Needing new worlds to conquer, Frank Taylor came to the United States, heading to New York City, where he met with various realtors, including Fred Trump, Parsons continued. One of the Realtors suggested to Taylor that a parcel of land in Sarasota would be excellent for building an apartment house or a hotel. Taylor came to Sarasota only to find that that piece of land had just been sold. However, someone else suggested he look at a 1,650-acre parcel in the northern part of Sarasota County. Taylor not only looked at it, he fell in love with the land. He asked Colin Parsons to come and take a look at it, too. Parsons at the time was a top official of Monarch Developments, one of Canada’s biggest builders, and a company in which Taylor Woodward had a controlling financial stake. Frank Taylor wanted Monarch to invest in what later became The Meadows, Parsons said.
When Parsons — who had never before even heard of Florida — came to Sarasota, he recalled he was not as enamored of The Meadows’ land as Frank Taylor had been. He saw many problems with the property, including the fact that it had no sewage system, the drainage was insufficient, electricity pylons populated the site, and alligators made themselves at home there. He was concerned about the scope of the project, what buying such a large piece of property would entail, as well as its location. Seventeenth Street at that time had a good bit of light industrial activity, so Parsons did not feel it was a good gateway for a large residential development. Furthermore, the property was located at the edge of the Sarasota community. But Parsons said he knew that once Frank Taylor made up his mind about something, that was it.
Parsons said Taylor Woodrow bought the land in 1973-74 and spent the next 20 years building residences at The Meadows: villas, condos, townhouses and single-family homes. The Meadows today also has 80 lakes and ponds, large preserves, golf courses, tennis courts, a country club, restaurants and a small shopping village, Parsons added.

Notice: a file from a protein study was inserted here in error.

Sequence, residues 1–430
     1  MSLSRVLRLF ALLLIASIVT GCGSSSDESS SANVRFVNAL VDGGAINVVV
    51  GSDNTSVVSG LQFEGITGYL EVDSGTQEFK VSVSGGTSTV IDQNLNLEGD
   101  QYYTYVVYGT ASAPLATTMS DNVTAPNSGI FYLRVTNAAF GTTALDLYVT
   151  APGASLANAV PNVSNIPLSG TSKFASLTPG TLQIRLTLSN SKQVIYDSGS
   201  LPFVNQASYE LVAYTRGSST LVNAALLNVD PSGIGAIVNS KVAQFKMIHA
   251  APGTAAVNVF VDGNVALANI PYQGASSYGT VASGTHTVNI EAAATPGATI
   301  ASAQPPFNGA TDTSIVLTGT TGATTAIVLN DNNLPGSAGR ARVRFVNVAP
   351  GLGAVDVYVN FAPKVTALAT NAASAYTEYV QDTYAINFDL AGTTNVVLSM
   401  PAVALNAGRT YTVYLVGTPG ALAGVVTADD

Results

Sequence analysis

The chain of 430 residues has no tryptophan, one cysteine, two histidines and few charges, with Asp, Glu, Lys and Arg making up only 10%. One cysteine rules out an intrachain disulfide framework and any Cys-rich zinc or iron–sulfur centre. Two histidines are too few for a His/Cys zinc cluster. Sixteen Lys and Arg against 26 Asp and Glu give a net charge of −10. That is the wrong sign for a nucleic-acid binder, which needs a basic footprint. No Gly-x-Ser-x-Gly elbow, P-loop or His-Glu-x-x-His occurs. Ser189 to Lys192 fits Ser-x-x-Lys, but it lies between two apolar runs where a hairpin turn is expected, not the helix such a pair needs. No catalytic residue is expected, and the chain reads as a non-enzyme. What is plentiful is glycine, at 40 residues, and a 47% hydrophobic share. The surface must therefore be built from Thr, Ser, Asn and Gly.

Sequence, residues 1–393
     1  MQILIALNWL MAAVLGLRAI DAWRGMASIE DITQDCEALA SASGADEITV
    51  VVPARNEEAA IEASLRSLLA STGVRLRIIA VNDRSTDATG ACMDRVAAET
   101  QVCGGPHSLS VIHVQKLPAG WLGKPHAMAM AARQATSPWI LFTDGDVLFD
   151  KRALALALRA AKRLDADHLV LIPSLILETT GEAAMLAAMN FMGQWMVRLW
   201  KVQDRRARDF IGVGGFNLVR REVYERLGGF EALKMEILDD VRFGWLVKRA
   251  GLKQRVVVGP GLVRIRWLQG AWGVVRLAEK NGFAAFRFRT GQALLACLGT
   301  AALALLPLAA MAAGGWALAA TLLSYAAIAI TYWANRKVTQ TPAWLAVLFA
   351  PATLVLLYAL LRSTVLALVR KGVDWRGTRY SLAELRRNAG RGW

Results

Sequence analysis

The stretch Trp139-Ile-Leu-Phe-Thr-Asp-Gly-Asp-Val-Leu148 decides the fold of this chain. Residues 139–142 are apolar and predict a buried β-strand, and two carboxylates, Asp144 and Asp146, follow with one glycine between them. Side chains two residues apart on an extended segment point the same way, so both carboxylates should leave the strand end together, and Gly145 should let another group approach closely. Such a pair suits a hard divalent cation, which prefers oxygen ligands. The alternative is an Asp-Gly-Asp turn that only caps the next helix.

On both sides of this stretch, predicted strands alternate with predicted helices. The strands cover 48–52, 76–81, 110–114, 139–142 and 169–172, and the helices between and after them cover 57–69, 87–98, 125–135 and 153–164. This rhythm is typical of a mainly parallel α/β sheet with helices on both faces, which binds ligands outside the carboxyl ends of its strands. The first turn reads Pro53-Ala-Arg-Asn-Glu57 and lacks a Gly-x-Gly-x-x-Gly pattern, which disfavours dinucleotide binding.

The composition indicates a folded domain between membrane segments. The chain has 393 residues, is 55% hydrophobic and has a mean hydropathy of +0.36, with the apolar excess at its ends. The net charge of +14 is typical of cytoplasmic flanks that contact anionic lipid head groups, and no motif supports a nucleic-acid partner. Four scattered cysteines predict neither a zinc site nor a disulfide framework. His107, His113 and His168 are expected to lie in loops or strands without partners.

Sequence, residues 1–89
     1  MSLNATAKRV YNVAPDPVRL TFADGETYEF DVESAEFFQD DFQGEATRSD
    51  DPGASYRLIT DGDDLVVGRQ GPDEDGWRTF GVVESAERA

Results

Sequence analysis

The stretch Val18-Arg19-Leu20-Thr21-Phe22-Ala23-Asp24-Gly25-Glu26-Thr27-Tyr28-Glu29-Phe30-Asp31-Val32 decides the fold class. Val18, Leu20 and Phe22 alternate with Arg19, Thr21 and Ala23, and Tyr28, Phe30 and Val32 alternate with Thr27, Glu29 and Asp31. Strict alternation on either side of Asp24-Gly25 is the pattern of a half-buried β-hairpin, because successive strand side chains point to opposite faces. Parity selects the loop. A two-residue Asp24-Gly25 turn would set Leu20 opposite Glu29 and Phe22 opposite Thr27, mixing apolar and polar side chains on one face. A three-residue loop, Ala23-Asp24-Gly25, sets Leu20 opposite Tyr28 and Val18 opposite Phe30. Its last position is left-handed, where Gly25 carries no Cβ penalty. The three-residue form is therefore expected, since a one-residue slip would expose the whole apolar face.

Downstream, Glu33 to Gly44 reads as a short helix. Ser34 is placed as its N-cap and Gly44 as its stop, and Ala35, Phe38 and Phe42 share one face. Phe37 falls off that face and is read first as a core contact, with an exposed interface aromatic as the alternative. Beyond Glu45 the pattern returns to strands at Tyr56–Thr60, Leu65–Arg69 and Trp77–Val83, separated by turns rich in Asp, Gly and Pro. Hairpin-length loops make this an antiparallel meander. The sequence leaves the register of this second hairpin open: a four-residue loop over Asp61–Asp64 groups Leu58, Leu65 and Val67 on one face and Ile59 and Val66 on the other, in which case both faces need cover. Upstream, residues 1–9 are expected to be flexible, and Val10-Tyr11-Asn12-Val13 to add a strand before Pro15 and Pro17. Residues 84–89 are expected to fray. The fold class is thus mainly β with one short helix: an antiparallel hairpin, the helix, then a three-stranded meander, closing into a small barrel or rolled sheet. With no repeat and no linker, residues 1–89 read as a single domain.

Parsons said that builders in the United Kingdom put 10 houses on an acre of land, and that in Canada, the number routinely is five or six. In the United States, however, the density typically was two houses per acre. Accordingly, two houses were built on each acre at The Meadows. Eventually, Taylor Woodrow built 3,450 residences at The Meadows, according to Parsons.
Parsons mentioned Bunker Oaks at The Meadows, a one-bedroom development I lived in for a couple of years as a snowbird starting in 1996 when I first came to Sarasota. He said the apartments there were sometimes given to people rent-free to encourage them to come to The Meadows and golf.
Frank Taylor and his second wife, Christine, who had been his secretary, also had a house at The Meadows, Parsons said.
Parsons added that Taylor Woodrow sought to, and did, attract British residents to The Meadows in the early years, but that that is no longer the case.
According to Parsons, the teenage boy who built that house for his parents ultimately was knighted in 1979, and in 1983 was made Baron Taylor of Hadfield, becoming a member of the British House of Lords.
Taylor retired from the board of Taylor Woodrow in 1992, after 69 years of service, but his love for The Meadows never waned, Parsons said. When he was 90, he announced to his wife that he was going to visit The Meadows. She protested that he was too ill to do that, but he managed to go nonetheless. Shortly after his arrival, he became seriously ill and went to Sarasota Memorial Hospital, where he died, Parsons added.
“It’s as he would have wanted,” Parsons said.
Taylor’s ashes were scattered in his rose garden in the United Kingdom, according to Parsons. His obituary of Feb. 25, 1995, in The Independent, a British online newspaper, can be found here.